THE STORY OF A CASE
The case was bought in December 1938 and for a specific purpose. It had to be of
small size, and filled to such an extent that a young boy of nine years could carry
it without assistance from adults. It was intended for my use as I travelled from
Finow, a small village to the North of Berlin, to England (actual destination unknown).
We travelled by the Kindertransport, which had been designed to take children of
Jewish extraction from possible persecution to a place of safety. The regulations
were such that parents were not allowed to accompany their children. My father was
a Jew and my mother a Christian, which meant that the early restrictions on Jewish
families did not apply to us, and I went to the local school with the other children
in the village.
However, on Kristallnacht, the shop was ransacked for the ostensible reason that
arms might have been hidden. Not only were all the clothes put in a large heap on
the floor but my father had to sell the house and shop at a fixed price to a non-Jew.
This was the sign that more problem were ahead and my parents looked out for a place
of safety for me.
The Kindertransport offer came, the case was purchased, and in early January my mother
and I travelled for an overnight stay in Berlin and an early start by train to Rotterdam.
At that age, the magnitude of what was happening was not obvious to me, and it seemed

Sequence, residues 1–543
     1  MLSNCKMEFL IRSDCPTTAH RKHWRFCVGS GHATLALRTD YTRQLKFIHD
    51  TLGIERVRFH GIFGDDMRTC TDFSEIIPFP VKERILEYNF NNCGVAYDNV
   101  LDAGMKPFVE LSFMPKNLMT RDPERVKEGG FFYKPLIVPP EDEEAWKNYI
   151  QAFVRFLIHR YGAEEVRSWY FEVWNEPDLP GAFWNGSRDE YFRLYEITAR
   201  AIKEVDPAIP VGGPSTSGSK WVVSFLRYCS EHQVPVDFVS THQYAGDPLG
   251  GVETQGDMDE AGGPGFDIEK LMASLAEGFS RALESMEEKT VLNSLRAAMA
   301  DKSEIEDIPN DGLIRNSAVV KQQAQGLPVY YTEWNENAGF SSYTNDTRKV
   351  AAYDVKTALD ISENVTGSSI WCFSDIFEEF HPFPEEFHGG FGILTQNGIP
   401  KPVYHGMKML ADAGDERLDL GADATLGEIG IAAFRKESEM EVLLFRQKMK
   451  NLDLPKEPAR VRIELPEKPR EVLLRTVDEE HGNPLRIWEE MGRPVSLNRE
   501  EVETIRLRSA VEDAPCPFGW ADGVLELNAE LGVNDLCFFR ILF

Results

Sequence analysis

like an adventure. I had been told to behave myself and was put in charge of an English
Quaker lady, who acted as my escort. There was little said and the train stopped
just before the border, where border police examined papers and the contents of the
case. Nothing untoward was found and the train resumed its journey into Holland.
All that was in my case was a change of clothing and two school textbooks with my
school reports. There were four international reply coupons and the princely sum
of two shillings, which was the only money allowed out.
Next morning we arrived at Harwich and went by bus to Warner's Holiday Camp at Dovercourt.
It was wintertime with no ordinary holidaymakers - only other children waiting to
be collected. The weather was wet and windy and sounds were magnified in the wooden
chalets, which were our temporary homes. I stayed there a week before it was my turn
to be collected and so moved to Northampton. My Guardian spoke perfect German and
there was no incentive to learn English. One day he told me, "In future, you and
I will speak only English." In three months, I spoke English!
Meanwhile my case was my constant companion. It went with me on my first holiday
in Ireland in the summer of 1939, and during the war when holidays were restricted
it went with me to a school camp at Castle Ashby. When I went to work in Eccles,
it contained all I needed in my Salford digs, and it was the only luggage on my honeymoon.
When my work involved trips abroad the case remained the luggage of choice. Despite
a broken handle, mended with string, and a broken spring in one of the clasps, it
is still serviceable after seventy years of use, and the present replacement is no
better. It has now been donated to a museum, but will always be remembered as the
story of my life.
Editor’s note: Click here to see the sculpture depicting a group of Kindertransport
children ready for travel.